“So what exactly is a social housing organisation?”. This is a question that I have frankly never been asked by any of my mates, I can only guess the reason being:
- They don’t care
- They already know
- They really don’t care
It’s probably a combination of 1 and 3, but I can’t be certain. As alluded to in my previous post, the primary role of social housing organisations is to provide cheap accommodation to those who can’t afford to buy or rent from the private market. In addition they provide formal and informal support, money advice, employment advice and generally help out those in a bit of a bind. They are vastly undervalued by both the general public and Central Government but continue to provide invaluable services, help and support to those individuals/families who most people don’t give a flying monkey’s about.
Despite its good work the sector is coming under increasing pressure from a number of sides. Already mentioned welfare reforms are biting, but long term attitude changes, both in the mind of the public but also politicians, are also having an effect.
Social housing been on a downward trend for the best part of 3 decades (notice the pretty info-graphic courtesy of the ONS). Partly this is due to the aspiration of most of you ugly buggers to buy a house. But it is also the result of a sustained assault on the sector by both Labour and the Conservatives (Lib Dems you get a mention when you form your own Government).
Funding for social housing from Central Government has nosedived (note the not so pretty graph). Expectations however have risen. In the 2008-11 programme 155,000 properties were expected to be built with £8.4billion of central Government investment. In the 2015-18 programme 165,000 homes are expeted to be built with just £1.7billion.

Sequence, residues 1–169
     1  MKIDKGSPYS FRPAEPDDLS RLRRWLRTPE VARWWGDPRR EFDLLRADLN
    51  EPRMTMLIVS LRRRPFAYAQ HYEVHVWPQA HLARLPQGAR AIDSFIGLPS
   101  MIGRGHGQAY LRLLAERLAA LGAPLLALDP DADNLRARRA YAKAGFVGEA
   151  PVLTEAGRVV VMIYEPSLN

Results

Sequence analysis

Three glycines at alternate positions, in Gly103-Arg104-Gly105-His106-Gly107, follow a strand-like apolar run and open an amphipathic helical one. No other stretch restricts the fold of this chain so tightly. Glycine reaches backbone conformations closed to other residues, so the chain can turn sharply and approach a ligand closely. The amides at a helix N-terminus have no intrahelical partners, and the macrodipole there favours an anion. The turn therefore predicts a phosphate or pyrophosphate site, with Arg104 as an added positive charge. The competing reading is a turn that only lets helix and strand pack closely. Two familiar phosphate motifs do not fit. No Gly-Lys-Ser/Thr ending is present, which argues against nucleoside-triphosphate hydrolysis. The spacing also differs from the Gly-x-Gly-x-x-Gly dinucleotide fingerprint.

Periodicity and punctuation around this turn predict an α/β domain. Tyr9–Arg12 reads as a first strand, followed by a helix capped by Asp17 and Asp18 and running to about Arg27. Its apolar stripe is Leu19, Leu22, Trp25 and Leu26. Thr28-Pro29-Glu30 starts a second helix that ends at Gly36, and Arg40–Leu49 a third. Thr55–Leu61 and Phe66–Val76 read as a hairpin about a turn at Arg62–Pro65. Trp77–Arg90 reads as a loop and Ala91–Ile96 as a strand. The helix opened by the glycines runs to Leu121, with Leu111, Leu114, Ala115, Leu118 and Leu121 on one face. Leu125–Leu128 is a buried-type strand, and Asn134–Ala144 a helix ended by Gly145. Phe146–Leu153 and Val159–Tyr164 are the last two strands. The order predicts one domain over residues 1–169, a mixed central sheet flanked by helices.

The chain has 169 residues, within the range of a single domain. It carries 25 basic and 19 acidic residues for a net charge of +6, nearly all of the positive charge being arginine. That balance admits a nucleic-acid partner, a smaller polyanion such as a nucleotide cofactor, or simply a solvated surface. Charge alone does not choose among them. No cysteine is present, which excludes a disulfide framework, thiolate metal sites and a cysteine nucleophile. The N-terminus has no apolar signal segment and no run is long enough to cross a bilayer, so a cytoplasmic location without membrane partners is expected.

Why does this matter? Well it is changing the shape of social housing organisations, the ones people know nothing about and don’t care about. As funding dries up the sector has to look at other means of funding new builds.
A prime example is London and Quadrant, a 70,000 unit social landlord based in London. In 2012/13 it spent whopping £147million on affordable housing. Impressive, but it spent even more on homes to sell and rent on the private market. To be precise £225million. Granted they operate in London so this probably got them a leaky 1 bed apartment in Soho, but the figures tell a very distinct story. Sell private to fund social.
Well more precisely use public finance, a lot of re-investment from surplus (profit to you and me) and a lot of borrowing from private lenders to fund social. This is being replicated across the sector. Essentially the sector is cross-subsidising and mortgaging itself to the hilt in order to build. Great in the short term and brilliant for the Government, as it’s getting much more for less. But the stakes are high and not everyone is able to play the game. Step forward Cosmopolitan Housing Group and their utter failure in attempting to get in on the student accommodation market.
In order to tap into private finances social housing organisations are having to become more business like and a lot more professional. Moving further and further from their historical routes. Whilst modernisation is welcome (and desperately needed in some cases, just look at some of their websites) the sector is undergoing something of a soul searching period. Many now refer to themselves as social businesses or enterprises rather than solely social housing organisations. Personally I don’t care what they call themselves as long as they continue providing the houses and support millions desperately need.